Former Virginia governor Jim Gilmore ended his presidential campaign Friday, just before most White House-race watchers settled in for a three-day weekend. Gilmore dropped his not at all stunning campaign news around 4:30 p.m. on a Friday, the traditional window in which more closely watched public figures attempt to dump and “hide in plain sight” all manner of news in the vain hope that it will fade into the ether.

But for Gilmore, the coverage of his departure from the presidential race probably marks a high point in media attention over the life of his six-month campaign. And where Gilmore, the individual, is concerned, his announcement really raises one central question.

What, exactly, about Gilmore’s life will actually be any different tomorrow?

From the very start, Gilmore has run a race that was not just — to borrow a phrase from Donald Trump — low-energy but also, it seemed, low-effort. Gilmore announced his White House run via a video clip posted on the Internet. That may have been the last time many voters saw him.

Gilmore, who knows enough about campaigning to have served as Virginia’s governor between 1998 and 2002 and to hold the Republican National Committee chairmanship for the better part of a year in 2001, was the man running for the White House by, it seems, not running at all.

In memory of Gilmore’s most unusual White House run, The Fix compiled this partial and briefest of timelines.

  • In early September, The Washington Post reported in one of the only deep examinations of Gilmore’s platform and candidacy that he was not actively campaigning because he was, in his own words, too busy setting up his campaign. That same month, Gilmore found himself in a by-now-familiar position. It wasn’t clear whether CNN would allow him to join other Republican candidates during the undercard debate. Translation: His position in the polls was incredibly weak even among those at the bottom of the race. In the end, CNN did not allow him to join the undercard gathering. But he did live-tweet the event from home. And this was just two months into his run. There was, however, some campaign-like news of the usual variety: Gilmore hired staff in South Carolina.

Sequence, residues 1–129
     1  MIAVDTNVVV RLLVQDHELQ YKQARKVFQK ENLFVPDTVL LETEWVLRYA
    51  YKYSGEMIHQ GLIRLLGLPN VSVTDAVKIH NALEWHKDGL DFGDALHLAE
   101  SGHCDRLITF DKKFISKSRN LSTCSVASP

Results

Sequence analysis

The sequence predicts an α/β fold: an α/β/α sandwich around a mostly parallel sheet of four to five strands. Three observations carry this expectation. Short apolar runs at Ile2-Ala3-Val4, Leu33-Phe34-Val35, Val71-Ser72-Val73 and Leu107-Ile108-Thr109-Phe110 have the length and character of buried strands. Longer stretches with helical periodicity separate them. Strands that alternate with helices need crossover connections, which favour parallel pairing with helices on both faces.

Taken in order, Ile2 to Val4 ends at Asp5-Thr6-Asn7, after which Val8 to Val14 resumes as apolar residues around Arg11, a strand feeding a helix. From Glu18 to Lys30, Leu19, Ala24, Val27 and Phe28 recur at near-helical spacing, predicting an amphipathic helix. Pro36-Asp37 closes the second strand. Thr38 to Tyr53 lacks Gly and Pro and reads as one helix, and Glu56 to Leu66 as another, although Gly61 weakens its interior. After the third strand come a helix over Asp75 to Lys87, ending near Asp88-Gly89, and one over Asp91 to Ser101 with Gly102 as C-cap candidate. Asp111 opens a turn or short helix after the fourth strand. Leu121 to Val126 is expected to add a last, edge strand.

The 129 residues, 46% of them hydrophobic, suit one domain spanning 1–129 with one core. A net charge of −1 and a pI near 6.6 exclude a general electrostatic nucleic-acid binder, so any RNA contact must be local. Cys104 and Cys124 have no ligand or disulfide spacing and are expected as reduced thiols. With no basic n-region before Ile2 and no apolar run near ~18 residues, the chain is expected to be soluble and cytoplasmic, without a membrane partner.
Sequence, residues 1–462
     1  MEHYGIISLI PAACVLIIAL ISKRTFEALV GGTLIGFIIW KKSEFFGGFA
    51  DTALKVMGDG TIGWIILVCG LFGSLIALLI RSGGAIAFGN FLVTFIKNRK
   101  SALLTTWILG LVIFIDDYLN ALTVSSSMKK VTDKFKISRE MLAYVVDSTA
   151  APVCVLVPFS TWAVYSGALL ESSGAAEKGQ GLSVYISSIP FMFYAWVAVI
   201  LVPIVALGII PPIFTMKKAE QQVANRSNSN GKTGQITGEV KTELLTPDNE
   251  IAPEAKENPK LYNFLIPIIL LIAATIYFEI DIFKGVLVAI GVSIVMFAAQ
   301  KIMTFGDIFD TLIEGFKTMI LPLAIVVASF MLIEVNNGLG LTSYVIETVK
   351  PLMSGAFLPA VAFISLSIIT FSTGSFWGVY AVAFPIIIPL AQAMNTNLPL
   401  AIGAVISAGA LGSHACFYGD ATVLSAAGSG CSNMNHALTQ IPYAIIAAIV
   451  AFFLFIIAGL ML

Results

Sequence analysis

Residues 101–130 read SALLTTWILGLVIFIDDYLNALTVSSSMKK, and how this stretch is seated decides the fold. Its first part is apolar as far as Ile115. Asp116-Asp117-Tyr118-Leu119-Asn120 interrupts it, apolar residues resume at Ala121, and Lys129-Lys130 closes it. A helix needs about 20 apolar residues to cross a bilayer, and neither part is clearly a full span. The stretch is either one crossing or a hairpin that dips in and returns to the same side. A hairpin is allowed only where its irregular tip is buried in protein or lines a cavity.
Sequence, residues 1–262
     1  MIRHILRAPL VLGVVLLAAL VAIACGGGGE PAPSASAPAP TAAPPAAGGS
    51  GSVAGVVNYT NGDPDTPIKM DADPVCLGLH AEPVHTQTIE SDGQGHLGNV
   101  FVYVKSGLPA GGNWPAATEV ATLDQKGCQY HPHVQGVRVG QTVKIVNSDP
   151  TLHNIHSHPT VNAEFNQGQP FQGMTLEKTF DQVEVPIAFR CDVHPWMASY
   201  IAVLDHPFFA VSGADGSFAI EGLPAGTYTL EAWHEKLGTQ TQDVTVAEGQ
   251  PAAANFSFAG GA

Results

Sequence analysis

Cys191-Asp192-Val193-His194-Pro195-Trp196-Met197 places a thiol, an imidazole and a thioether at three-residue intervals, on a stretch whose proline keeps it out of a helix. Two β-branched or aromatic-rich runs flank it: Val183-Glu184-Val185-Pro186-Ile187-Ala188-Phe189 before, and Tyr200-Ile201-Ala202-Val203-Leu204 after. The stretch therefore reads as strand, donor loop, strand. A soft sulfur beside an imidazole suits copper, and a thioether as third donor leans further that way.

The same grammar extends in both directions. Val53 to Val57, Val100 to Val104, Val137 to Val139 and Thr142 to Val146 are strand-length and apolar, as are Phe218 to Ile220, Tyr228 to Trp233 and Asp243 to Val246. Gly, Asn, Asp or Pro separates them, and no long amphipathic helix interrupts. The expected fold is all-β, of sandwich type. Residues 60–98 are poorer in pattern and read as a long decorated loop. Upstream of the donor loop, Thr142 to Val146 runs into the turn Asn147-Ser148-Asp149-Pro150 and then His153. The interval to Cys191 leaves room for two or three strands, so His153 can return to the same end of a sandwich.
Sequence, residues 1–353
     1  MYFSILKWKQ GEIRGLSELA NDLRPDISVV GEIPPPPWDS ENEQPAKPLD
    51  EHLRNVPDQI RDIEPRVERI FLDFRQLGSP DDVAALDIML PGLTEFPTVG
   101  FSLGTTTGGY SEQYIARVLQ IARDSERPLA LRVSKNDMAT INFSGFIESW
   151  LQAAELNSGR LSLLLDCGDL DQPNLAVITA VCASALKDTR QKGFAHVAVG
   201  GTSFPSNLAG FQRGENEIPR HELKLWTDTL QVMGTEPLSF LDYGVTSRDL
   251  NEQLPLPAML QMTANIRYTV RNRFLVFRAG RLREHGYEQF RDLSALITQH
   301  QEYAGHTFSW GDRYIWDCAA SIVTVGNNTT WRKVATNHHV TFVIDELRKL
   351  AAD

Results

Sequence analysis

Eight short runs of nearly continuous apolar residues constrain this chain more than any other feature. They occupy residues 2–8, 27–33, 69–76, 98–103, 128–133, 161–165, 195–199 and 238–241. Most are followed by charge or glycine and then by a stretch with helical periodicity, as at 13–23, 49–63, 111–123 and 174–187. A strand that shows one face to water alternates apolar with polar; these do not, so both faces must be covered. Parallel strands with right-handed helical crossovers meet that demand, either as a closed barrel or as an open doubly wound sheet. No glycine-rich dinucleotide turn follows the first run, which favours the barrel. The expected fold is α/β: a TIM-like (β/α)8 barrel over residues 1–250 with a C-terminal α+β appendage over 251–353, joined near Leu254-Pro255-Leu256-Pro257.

• By October, the Gilmore campaign had gained so little voter traction that CNBC announced Gilmore did not have the standing in the polls to qualify for a slot on its GOP undercard debate stage. In short, Louisiana Gov. Bobby Jindal, former senator Rick Santorum (Pa.), former New York governor George Pataki and Sen. Lindsey O. Graham (S.C.) could all boast bigger voter support than Gilmore. In the months that would follow, those men all exited the race before Gilmore.
  • In November, Gilmore aired a multi-state campaign ad — the first, as far as we could tell, of his campaign. It centered on terrorism and aired in Iowa, New Hampshire and South Carolina. And, it seems, Gilmore took to describing himself as “the veteran’s candidate.”
  • In December, Gilmore told the Augusta (Va.) Free Press that he wasn’t dropping out any time soon. He was in the middle of executing a logical strategy intended to elect a candidate with the traditional credentials that put men in the White House. The only thing is, nothing about the electorate in 2016 has thus far indicated that they are seeking another man who has served as a governor and, for a short time, held a post at the very top of the Republican establishment to fill the Oval Office.
  • On Friday, CBS News announced that Gilmore had failed to meet its criteria to participate in its Saturday Republican presidential primary debate. The decision left Gilmore the only reputable Republican contender who would not have a spot on the debate stage.
  • All told, Gilmore picked up a grand total of 145 votes in Iowa and New Hampshire combined. That’s right, 145.